Last Saturday was cold as balls. Nevertheless, we spent the entire day in the city, seeing “Fun Home” in the afternoon on a whim (it was superb…one of the best things I’ve seen since moving here) and ending the night at Lincoln Center listening to Semyon Bychkov leading the Philharmonic in Mahler’s Symphony no. 6.
Bychkov’s interpretation was interventionist to say the least. There were several needless tempo shifts in the first two movements (he put the scherzo second, thank [insert your deity here]), and the intensity seemed strangely lacking considering the music being performed. It’s funny to me that one would consciously choose to fuck around with the score like that, but in such half-measures! I was reminded of the legendary recording with Barbirolli, which could not be more unfaithful to the letter of the score while simultaneously capturing the spirit of the score in a way that, to my ears, has yet to be matched.
I mean, listen to that opening tempo. That is many, many things, exactly zero of which are Allegro energico, ma non troppo. It’s also the most captivating emotional take on the piece you’ll likely hear in your life and requires a mix of guts and arrogance that Barbirolli may have had in greater quantity than any conductor ever. Check out the 56:00 minute or so mark, when he builds the orchestra up for the movement proper by flagrantly adding a MASSIVE ritard out of nowhere. That goes against all logic and musical decency, but it also feels like a man working up every ounce of courage he has in his body to set off down a path that he already knows is going to destroy him, the Platonic ideal of the concept of struggle.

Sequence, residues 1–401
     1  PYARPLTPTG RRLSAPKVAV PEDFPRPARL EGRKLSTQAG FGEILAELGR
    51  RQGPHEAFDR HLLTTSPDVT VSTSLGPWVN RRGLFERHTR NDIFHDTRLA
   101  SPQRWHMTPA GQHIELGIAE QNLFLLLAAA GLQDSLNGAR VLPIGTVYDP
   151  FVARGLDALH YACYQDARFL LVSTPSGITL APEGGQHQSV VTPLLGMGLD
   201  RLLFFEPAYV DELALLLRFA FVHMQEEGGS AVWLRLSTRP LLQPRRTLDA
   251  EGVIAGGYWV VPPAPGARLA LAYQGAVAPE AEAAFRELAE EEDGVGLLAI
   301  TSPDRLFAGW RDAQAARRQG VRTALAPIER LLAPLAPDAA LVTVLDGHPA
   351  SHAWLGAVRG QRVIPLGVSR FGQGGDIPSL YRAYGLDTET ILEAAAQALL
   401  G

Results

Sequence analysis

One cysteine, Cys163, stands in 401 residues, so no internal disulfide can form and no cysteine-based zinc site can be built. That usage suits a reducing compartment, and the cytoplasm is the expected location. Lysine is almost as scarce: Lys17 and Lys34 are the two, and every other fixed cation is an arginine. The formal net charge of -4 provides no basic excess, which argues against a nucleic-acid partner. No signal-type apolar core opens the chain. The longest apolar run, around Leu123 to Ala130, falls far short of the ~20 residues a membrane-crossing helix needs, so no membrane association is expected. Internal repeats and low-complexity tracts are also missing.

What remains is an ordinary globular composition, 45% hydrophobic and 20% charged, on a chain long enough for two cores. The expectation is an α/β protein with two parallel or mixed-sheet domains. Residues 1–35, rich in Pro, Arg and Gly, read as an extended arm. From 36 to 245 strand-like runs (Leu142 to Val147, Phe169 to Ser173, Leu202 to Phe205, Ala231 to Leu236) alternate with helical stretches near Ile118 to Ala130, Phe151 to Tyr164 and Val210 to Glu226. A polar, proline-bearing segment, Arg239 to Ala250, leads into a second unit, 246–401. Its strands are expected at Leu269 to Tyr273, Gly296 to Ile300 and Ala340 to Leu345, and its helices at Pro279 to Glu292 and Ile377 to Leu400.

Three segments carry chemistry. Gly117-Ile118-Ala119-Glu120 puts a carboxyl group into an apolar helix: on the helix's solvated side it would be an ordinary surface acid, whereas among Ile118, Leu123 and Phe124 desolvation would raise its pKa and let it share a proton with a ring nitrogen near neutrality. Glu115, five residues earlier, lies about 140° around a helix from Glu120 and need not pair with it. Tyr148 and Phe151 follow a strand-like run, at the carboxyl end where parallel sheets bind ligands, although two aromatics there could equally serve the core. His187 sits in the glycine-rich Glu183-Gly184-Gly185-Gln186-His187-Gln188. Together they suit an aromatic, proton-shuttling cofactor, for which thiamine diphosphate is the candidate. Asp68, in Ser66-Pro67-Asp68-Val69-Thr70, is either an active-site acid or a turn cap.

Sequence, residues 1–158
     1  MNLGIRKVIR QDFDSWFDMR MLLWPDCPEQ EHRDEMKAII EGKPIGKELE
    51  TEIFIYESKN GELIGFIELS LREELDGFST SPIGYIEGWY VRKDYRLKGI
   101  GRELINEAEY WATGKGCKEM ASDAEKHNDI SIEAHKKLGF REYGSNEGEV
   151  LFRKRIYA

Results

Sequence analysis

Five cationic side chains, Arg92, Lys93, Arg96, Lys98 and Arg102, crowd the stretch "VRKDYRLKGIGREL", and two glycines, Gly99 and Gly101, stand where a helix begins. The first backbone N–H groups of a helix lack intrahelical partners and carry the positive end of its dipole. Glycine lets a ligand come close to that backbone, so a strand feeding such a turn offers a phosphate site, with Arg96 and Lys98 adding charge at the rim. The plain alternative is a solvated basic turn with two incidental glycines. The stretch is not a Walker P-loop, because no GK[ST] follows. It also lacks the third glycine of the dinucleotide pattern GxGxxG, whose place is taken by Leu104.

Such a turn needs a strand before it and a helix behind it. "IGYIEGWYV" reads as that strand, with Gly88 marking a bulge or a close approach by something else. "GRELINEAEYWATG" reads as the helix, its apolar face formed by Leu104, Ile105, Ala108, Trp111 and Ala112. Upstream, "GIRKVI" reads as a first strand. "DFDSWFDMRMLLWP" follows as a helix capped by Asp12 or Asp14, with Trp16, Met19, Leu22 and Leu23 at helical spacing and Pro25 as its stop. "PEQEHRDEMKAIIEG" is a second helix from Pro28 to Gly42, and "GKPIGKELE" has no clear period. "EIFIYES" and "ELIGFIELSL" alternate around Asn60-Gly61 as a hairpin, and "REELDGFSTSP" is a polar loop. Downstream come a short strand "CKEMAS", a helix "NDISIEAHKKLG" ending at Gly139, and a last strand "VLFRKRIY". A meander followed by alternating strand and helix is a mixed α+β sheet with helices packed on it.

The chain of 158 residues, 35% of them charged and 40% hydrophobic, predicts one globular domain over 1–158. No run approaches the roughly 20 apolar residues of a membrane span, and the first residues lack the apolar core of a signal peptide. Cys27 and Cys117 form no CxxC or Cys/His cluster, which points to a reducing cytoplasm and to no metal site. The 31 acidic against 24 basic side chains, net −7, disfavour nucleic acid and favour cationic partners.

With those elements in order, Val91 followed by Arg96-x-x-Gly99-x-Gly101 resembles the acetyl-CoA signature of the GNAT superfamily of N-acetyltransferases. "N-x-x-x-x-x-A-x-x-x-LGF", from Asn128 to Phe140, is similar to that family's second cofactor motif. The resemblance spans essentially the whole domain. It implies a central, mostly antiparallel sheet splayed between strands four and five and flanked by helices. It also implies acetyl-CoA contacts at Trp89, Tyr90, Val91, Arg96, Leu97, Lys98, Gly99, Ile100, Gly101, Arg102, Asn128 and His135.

My point, and I do have one, is that if you’re going to intervene, don’t dip your toes. Dive off the deep end.
The performance Saturday night, to Bychkov and the band’s great credit, got better as it went. The Andante was really beautiful, moving along at the just the right pace and ringing majestically during the climax. The finale, though, was where it all came together. The intervening was gone, and in its place was a focused, intense, coherent plan of attack that let the music speak for itself. The band was killer, demonstrating a huge range of expression and the ability to kick it into stampede-mode at the drop of a hat. It was a performance worthy of Barbirolli without the questionable musical decision-making. By the time the movement was over, I was left with two competing thoughts: 1) where was that for the first 40 minutes? and 2) how will any of us sleep tonight after that?